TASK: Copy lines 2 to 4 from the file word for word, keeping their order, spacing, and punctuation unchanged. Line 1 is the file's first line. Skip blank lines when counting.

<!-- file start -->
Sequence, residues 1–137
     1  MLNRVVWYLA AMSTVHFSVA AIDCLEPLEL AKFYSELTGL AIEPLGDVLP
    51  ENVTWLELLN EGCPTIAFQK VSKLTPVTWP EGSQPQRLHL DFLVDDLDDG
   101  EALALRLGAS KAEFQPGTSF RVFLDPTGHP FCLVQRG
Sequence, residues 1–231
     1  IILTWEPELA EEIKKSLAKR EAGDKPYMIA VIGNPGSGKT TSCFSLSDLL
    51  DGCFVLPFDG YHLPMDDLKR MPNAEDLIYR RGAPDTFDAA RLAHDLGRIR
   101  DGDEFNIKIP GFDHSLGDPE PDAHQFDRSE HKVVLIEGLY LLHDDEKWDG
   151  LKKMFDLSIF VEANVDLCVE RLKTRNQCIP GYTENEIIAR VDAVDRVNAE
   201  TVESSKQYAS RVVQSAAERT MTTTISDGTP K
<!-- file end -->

     1  MLNRVVWYLA AMSTVHFSVA AIDCLEPLEL AKFYSELTGL AIEPLGDVLP
    51  ENVTWLELLN EGCPTIAFQK VSKLTPVTWP EGSQPQRLHL DFLVDDLDDG
   101  EALALRLGAS KAEFQPGTSF RVFLDPTGHP FCLVQRG